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#6 (permalink) Old 07-06-2006, 09:23 PM
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Curious to know what happened here. Were your fans switching on properly? Was your t-stat stuck closed?
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#7 (permalink) Old 07-10-2006, 11:42 PM
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I took the thermostat housing off the block and am going to replace it with a new one. The shaft that supports the valve, surrounded by the spring, had an area that was shiny... as if it was rubbing/binding during operation. I don't know if the fan was working during the overheating incident, but I'll look to see that it is when I put it all back together with the new thermo..
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#8 (permalink) Old 07-10-2006, 11:48 PM
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i think your thermostat is the problem... if that is gone, then the system pretty much just shits itsself to hell until its fixed...
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#9 (permalink) Old 07-11-2006, 09:54 PM
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Quote:
Originally Posted by TRuckee
I took the thermostat housing off the block and am going to replace it with a new one. The shaft that supports the valve, surrounded by the spring, had an area that was shiny... as if it was rubbing/binding during operation. I don't know if the fan was working during the overheating incident, but I'll look to see that it is when I put it all back together with the new thermo..
Good to know. Hope it solves it.
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#10 (permalink) Old 07-15-2006, 07:02 PM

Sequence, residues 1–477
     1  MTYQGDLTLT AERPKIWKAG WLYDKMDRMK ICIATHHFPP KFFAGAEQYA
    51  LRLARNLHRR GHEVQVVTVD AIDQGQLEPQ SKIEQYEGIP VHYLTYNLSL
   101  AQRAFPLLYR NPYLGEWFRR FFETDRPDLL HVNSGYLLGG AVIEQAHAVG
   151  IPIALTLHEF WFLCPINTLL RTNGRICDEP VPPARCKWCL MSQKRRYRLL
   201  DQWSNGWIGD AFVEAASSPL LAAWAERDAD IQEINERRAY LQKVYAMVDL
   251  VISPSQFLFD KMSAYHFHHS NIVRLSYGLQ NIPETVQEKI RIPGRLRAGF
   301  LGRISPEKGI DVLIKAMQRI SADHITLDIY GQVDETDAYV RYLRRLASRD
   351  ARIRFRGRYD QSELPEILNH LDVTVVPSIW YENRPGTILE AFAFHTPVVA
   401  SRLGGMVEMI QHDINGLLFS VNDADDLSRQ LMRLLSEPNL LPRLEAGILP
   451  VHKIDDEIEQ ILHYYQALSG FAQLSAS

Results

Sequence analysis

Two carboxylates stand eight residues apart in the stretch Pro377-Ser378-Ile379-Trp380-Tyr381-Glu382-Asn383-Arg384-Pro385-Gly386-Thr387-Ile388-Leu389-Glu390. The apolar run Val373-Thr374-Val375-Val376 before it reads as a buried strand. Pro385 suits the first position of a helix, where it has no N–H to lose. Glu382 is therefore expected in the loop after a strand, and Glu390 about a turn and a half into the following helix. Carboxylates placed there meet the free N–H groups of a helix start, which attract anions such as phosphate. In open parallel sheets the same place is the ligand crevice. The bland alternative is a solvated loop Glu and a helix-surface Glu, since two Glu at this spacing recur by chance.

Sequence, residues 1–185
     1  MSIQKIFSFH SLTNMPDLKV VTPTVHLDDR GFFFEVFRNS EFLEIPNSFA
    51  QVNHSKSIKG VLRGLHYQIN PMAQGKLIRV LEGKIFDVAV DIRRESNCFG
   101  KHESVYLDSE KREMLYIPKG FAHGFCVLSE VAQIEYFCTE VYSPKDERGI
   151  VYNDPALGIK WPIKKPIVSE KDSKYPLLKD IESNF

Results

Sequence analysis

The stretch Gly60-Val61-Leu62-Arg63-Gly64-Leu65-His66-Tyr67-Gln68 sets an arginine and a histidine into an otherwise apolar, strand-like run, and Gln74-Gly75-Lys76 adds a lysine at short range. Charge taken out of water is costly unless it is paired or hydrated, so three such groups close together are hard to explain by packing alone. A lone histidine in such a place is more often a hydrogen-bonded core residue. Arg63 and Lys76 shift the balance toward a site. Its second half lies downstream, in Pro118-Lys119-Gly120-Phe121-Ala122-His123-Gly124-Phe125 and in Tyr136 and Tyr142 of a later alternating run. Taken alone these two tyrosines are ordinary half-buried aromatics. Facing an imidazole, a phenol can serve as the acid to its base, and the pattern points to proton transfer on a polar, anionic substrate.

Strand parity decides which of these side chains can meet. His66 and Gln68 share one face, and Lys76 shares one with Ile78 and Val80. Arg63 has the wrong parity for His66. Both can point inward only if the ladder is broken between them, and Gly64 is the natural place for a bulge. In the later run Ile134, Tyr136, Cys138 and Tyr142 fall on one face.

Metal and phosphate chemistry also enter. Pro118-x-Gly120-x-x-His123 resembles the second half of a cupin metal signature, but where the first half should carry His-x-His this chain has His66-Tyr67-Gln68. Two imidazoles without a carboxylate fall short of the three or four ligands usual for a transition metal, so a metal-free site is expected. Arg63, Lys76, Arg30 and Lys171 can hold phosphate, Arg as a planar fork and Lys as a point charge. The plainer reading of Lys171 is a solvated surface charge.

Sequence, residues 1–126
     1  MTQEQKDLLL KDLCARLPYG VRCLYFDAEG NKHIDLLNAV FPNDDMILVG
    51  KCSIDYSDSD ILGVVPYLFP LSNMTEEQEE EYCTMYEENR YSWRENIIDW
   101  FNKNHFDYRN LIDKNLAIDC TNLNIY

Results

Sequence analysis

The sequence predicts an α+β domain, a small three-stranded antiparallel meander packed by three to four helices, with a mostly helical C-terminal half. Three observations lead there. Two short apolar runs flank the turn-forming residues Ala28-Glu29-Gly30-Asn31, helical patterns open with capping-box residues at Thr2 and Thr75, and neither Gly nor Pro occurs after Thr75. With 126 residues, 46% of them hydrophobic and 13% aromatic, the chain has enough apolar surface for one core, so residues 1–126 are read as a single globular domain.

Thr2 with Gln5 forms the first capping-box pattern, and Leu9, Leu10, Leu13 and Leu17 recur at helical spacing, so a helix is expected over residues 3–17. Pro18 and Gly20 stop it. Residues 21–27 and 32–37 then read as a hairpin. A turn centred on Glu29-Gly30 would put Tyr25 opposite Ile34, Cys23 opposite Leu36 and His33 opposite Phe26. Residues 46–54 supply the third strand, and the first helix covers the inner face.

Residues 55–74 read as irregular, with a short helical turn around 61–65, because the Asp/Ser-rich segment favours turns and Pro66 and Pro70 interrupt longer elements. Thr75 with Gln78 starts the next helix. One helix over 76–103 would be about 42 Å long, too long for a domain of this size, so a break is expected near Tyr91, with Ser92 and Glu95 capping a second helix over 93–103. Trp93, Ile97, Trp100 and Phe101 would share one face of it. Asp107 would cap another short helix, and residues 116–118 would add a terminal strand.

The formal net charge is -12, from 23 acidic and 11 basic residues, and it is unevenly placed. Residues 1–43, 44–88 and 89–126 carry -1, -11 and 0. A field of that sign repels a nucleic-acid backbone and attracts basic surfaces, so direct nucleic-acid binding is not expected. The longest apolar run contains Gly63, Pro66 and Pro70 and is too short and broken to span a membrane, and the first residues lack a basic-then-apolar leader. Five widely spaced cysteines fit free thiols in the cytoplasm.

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Exclamation

So I got my new thermostat, put things back together and was filling the system (with distilled water, in case it had a leak) when I noticed a drip. Closer inspection revealed a hairline crack in the expansion tank so, of course, I'm going to replace it. I did notice that the coolant level was quite low when I first started working on this overheating problem. I wasn't sure if the low level was due to the overheating causing the fluid to boil off, which I hadn't noticed happening, or it's having leaked out prior to the incident, which I also hadn't noticed. I guess the latter probably was the case. With hindsight I can see that I probably should have added fluid back to the system and looked for leaks before I sarted pulling the waterpump and thermostat.
I've been using the Bently manual as a guide for this car and, for the first time, have a problem with their directions. The manual says to remove the coolant level sensor from the bottom of the expansion tank by turnig it counterclockwise, but this is wrong! After I removed the s-shaped air duct that's located close below the ex-tank (a quick, no tool process), I was able to see that the sensor comes off by twisting it clockwise. I don't think it even has to be removed from the tank to remove the tank from the car. I also took the fan and shroud back off to better see what I was working on. I'm having trouble getting the tank free of the fluid connections on the bottom of the tank and wil probably just break the old tank up to enable me to have more wiggle/pry room. I've sprayed a small bit of silicone into the stuck joint and will wait a while to see if it frees up before I break up the old tank.